When is HD not HD (and 4k not 4k)?

In 1861, the Scottish physicist James Clerk Maxwell demonstrated the first colour photograph to the Royal Institution. Then (as today) film was fundamentally black and white. Maxwell reasoned that three photographs taken through three filters – red, green and blue – could be projected through the same filters and overlapped, creating a full colour image (actually, he tried a yellow filter too, but we’ll keep quiet about that). It worked, though it turned out his success was an accident. Photographic materials of that era were not sensitive to red light, so the photograph taken through the red filter should have been blank. Fortunately for Maxwell, the red dye in the tartan ribbon he chose as his subject reflected UV light – to which his plates were highly sensitive and which passed right through his red filter. What a lucky genius he was.
The whole red, green, blue thing caught on big time and is, of course, still used today in colour TV. Three CCD (or, indeed, three CMOS) video cameras use Maxwell’s principle – three, carefully aligned, black and white sensors photographing the same subject through red, green and blue filters. Getting the alignment right is tricky, particularly with HD. When the photosites (the individual light sensitive areas of the sensor) are only a few microns across, you have to be really, really good with glue. It’s very expensive.
So, increasingly, manufacturers are using a single sensor (just like stills cameras). Of course, the photosites are still, basically, black and white. Fortunately, Dr. Bryce E. Bayer of Eastman Kodak came up with a way of making a black and white sensor suitable for colour image capture. His idea was to put a tiny filter over each photosite. As the human eye is more sensitive to green than any other colour, the Bayer mosaic uses twice as many green photosites as red and blue (see the illustration).
The first thing to notice is that a 1080 sensor needs to generate 2073600 red, green and blue pixels in the output image (1920 x 1080). However, a 1080 Bayer sensor has only 1036800 green photosites and 518400 red and blue photosites, i.e. half the required number of green and only a quarter the number of red and blue. Software has to invent the missing colour values (it’s called interpolation, and it’s very clever, but it doesn’t get around the fact that the sensor doesn’t record red, green and blue values for every pixel position in the output image). So, the RED ONE™’s 4k sensor is effectively a 2k green sensor and 1k red and blue sensors.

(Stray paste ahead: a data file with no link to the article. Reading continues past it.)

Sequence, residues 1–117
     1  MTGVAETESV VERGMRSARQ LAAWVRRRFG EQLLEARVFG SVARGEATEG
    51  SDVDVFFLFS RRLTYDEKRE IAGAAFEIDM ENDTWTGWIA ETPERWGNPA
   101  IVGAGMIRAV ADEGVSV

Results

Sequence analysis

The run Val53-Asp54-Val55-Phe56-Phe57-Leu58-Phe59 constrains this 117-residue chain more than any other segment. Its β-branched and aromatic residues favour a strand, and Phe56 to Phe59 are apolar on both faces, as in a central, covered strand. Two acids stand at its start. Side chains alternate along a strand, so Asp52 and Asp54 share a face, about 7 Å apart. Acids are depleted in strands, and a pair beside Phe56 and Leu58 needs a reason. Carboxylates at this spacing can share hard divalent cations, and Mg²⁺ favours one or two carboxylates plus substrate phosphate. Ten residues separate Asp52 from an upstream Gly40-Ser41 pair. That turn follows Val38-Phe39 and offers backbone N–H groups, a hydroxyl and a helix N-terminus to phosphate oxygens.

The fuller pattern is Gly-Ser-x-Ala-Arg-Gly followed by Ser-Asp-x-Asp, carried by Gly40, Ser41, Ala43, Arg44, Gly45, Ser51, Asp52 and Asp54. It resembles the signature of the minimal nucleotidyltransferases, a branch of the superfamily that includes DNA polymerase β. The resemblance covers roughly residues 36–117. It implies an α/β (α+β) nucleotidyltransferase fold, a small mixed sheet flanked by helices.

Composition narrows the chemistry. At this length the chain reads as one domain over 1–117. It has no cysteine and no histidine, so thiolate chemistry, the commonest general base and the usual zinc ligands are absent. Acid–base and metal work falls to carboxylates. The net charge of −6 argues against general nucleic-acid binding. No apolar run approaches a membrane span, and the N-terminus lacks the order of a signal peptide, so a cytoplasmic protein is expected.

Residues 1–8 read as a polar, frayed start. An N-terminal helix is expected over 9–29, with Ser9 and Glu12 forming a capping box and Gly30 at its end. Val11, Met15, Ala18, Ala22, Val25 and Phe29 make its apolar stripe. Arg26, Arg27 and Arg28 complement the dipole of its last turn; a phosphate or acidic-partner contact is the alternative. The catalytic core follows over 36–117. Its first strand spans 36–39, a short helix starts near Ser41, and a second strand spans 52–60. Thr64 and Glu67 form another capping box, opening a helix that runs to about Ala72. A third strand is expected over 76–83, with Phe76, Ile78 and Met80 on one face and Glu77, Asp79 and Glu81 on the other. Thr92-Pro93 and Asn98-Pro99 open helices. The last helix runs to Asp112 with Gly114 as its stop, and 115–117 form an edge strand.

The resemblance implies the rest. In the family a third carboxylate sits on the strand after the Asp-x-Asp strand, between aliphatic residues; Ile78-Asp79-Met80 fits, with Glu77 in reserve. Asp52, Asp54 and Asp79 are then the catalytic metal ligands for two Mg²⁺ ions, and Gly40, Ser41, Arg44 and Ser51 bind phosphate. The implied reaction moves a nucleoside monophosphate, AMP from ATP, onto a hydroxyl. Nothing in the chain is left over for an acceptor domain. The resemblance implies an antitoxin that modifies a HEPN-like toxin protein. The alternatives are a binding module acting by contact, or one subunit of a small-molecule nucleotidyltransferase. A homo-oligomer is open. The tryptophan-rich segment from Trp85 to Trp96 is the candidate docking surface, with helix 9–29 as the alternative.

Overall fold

It gets worse. All image sensors are ‘sampling’ the real world. That is, they convert the continuous real image from the lens into discrete pixels. Because of an awkward mathematic thing called the Nyquist-Shannon Sampling Theorem, sensor manufacturers need to put an optical low pass filter in front of the sensor. – essentially just limiting the amount of fine detail in the image hitting the sensor. If they don’t, you get a kind of Moiré pattern in that fine detail. This optical filter – how much of the fine detail it removes – needs to be related to the ‘sampling rate’ - in other words the number of photosites on the sensor. Oops! We already know that there are more green photosites than red or blue, so how do they design their filter? They can’t make one that suits the green channel or the red and blue will alias (as the funny moiré effect is known). Equally, if they make the filter okay for the red and blue, they are losing a lot of the image’s fine detail in the green channel. Most manufacturers seem to choose a compromise – they lose a bit of the detail from the green and put up with some aliasing on red and blue.
Do we care about all this? Probably not, but it lends weight to the argument that we should be pushing the sensor photosite count beyond 1920x1080 to get a good HD image. A 4k film scan will contain more true colour resolution than the output of a 4k camera with a Bayer pattern sensor (assuming that the lens/film combination was up to it). Of course, if you cram more photosites onto a sensor the image it produces suffers in other ways, and there are sensors that record RGB values for each photosite position, but that’s a discussion for another time…
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